COC vows to probe doping cases of three weightlifters
The Chinese Olympic Committee (COC) reiterated its zero tolerance to doping on Friday and vowed to investigate the cases involving three female Chinese weightlifters after the trio was stripped of gold medals won during 2008 Olympic Games by the world’s top sports body.
The International Olympic Committee (IOC) announced on Thursday the disqualification of the three female Chinese Olympic weightlifting gold medalists Cao Lei (75 kilograms), Chen Xiexia (48 kilograms) and Liu Chunhong (69 kilograms) along with five other athletes who competed at 2008 and 2012 Summer Games.
“The COC condemns the three athletes who violated the spirit of sportsmanship and Olympics for doping,” the COC said in a statement published on its official website on Friday.
“The COC respects the decisions made by the IOC and will investigate the cases with related bodies … We are in solidarity with the IOC to protect clean athletes and fight against doping.”
The disqualified athletes should have the medal, the medalist pin and the diploma obtained in the respected discipline returned, the IOC said.
The three Olympic weightlifters, including Chen who won China’s first gold medal at the 2008 home Games, all tested positive for prohibited substance GHRP-2 and metabolite (GHRP-2 M2) after re-analysis of their samples from Beijing 2008, the IOC said.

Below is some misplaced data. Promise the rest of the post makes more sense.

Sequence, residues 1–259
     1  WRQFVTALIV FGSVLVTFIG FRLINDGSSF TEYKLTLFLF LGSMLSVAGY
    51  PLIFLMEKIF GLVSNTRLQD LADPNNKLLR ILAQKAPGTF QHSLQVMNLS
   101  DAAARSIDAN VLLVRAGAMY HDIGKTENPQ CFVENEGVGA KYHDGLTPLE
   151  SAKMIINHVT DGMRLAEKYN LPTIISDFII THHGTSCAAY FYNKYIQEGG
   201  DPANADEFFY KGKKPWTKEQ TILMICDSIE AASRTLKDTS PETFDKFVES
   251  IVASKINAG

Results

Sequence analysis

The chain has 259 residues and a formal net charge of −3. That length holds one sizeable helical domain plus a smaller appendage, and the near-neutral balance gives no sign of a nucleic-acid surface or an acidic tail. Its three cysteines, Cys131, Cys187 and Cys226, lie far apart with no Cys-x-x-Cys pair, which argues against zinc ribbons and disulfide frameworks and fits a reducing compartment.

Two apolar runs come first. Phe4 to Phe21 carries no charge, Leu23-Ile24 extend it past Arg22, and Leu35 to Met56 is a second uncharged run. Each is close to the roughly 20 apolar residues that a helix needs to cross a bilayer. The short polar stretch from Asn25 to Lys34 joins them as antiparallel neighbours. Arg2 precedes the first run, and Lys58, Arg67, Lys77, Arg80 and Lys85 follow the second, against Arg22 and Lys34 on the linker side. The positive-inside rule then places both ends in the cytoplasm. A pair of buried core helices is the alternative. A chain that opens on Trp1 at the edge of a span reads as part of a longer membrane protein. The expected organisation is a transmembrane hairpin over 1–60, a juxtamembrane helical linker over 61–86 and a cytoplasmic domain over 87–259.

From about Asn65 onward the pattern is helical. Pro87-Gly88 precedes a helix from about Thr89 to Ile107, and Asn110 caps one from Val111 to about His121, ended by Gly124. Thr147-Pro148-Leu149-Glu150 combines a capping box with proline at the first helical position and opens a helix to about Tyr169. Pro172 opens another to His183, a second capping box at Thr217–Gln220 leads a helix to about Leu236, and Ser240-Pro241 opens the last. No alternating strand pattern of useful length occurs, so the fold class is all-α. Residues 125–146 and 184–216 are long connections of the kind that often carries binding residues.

A Chinese anti-doping expert who requested anonymity told the Global Times that the drug taken by the athletes stimulates production of growth hormones and sibutramine, with the latter possibly serving as a masking agent.
“It is common knowledge among all athletes that these substances are prohibited. Unless they have an exemption for using the drugs … It’s all illegal,” he said.
The disqualification leaves China facing a ban on weightlifting from international competitions for a year.
Weightlifting’s world governing body, the IWF, introduced the sanction in 2016, aiming to crack down on doping, which is rife in the sport. The IOC is keeping samples from past Games for up to 1o years, conducting retests as newer testing methods are developed in an effort to try to root out any cheats.
The re-analysis led by the IOC of the samples from the Beijing and London Games have so far caught more than 100 doping offenders.
Athletes in track and field and weightlifting might be more likely to be caught doping because the prohibited substances, which enhance the aerobic capacity of muscles, are most effective in improving the performance of athletes in such sports, the expert said.
Several Western media accused China of state-sponsored doping, but the Chinese antidoping expert said they are just analyzing cases with “double standard.”
“There are also many athletes from Western countries who were found using prohibited substances in recent years, but the global media usually tries to paint their indiscretions as personal mistakes,” he said.
“However, when it comes to countries like China, the issue becomes ‘nationally organized behavior.’ To some degree, it is a double standard,” he remarked.